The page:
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Groundwater, found in underground layers of porous rock called aquifers, is a hidden reserve that supplies drinking water to Portland residents. Portland’s groundwater system is essential to meeting peak season water demand in the summer and for ensuring the Portland Water Bureau can provide water in the winter when storms sometimes make the Bull Run source unavailable due to elevated turbidity. This second feature of groundwater is essential to Portland’s ability to continue using the Bull Run source without filtering it.
To help bring groundwater to the surface, the Water Bureau and the Columbia Slough Watershed Council have partnered annually for 10 years to offer a free Groundwater 101 workshop to interested adults and high-school students.
A full house soaks up knowledge at Groundwater 101.
This interactive class teaches groundwater basics including local geology and hydrology, the role groundwater plays in our drinking water system, and what can be done to protect this important resource.
Citizen scientists test water for dissolved minerals (left) and learn how water moves underground (right).
The most recent workshop was held on November 15, 2014 and the public interest was impressive. The class quickly filled to capacity and a wait-list was established. The workshop coordinators are encouraged by the demand and are working on more opportunities for the public to learn about groundwater.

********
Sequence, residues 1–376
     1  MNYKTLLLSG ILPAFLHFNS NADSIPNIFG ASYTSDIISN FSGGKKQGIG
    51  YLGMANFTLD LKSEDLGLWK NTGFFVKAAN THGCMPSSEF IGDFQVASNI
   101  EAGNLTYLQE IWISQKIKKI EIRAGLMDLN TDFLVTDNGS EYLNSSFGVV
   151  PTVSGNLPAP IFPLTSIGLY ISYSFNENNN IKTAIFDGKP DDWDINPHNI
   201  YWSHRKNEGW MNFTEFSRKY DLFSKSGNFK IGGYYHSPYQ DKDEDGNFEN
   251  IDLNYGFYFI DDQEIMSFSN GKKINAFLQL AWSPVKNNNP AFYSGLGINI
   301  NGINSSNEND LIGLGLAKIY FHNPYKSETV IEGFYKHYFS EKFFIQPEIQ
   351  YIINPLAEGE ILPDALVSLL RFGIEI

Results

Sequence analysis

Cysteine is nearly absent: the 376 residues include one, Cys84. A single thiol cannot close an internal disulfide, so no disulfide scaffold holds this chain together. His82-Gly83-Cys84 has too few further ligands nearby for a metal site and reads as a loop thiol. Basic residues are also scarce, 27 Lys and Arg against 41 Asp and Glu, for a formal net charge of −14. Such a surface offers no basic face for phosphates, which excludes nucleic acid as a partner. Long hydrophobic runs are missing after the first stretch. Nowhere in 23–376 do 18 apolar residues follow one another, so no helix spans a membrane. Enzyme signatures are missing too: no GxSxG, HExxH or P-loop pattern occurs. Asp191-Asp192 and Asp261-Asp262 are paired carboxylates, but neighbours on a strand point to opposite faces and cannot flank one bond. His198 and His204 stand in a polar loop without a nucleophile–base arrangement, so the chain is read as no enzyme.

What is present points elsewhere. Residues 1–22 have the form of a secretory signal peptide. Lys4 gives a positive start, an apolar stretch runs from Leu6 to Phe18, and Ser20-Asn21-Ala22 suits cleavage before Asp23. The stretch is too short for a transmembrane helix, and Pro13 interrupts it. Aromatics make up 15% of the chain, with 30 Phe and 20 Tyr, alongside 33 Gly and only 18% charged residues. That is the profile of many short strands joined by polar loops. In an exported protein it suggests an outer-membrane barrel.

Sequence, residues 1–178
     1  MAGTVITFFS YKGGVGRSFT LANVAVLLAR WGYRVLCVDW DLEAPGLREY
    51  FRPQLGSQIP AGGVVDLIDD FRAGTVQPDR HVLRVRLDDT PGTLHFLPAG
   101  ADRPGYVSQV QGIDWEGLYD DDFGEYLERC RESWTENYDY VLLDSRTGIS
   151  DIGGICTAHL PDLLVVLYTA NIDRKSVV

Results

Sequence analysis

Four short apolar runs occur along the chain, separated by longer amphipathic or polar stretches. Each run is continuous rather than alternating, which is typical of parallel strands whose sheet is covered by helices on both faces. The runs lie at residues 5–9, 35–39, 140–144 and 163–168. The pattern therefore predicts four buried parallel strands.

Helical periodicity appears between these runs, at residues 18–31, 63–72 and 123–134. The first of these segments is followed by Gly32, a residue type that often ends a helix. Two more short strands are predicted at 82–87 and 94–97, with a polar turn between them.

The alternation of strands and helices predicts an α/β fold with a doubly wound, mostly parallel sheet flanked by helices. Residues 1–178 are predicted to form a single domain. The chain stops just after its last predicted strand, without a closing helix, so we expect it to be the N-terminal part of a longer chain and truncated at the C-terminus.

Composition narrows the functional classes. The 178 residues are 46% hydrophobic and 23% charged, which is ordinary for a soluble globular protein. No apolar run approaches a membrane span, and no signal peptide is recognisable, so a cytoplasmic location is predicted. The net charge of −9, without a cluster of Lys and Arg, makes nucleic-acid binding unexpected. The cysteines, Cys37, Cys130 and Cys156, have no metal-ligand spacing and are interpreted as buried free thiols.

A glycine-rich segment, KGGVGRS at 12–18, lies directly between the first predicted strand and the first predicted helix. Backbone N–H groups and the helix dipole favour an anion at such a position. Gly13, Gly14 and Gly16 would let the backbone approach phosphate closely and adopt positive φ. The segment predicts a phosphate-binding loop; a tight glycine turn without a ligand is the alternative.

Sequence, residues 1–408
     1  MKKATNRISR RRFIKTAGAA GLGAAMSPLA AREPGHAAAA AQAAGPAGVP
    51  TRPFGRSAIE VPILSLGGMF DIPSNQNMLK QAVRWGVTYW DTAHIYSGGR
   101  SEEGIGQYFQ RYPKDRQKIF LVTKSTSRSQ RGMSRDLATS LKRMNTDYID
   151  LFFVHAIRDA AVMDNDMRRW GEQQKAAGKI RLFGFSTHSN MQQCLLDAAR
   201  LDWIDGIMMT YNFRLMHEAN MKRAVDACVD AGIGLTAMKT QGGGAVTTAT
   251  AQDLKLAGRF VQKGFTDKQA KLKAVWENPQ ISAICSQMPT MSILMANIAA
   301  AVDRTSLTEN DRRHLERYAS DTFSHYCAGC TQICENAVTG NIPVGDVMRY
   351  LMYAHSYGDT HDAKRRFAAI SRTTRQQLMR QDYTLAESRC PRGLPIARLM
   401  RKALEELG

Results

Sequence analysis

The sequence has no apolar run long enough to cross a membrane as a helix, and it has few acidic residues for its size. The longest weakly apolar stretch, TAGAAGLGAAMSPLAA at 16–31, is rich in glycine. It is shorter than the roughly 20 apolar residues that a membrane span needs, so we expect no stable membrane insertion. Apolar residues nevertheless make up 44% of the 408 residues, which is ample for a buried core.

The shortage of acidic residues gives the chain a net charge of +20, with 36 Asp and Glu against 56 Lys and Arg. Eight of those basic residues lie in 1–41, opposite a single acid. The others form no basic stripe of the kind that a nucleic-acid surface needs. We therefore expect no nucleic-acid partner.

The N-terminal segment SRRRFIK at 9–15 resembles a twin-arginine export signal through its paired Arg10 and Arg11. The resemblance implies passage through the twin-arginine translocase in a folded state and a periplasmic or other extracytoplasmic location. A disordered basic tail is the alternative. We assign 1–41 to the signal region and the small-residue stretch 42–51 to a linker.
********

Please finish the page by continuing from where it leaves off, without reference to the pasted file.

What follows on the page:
"The Columbia South Shore Well Field is right here in town, so we all play a role in preserving this vital drinking water source,” says Doug Wise, Groundwater Protection Program Manager with the Water Bureau’s Resource Protection and Planning Group. “Outreach and educational events like Groundwater 101 provide our customers with the knowledge and tools they need to be responsible water stewards.”
To learn more about the groundwater right beneath your feet, including how you can protect this important resource, visit http://www.portlandoregon.gov/water/groundwater.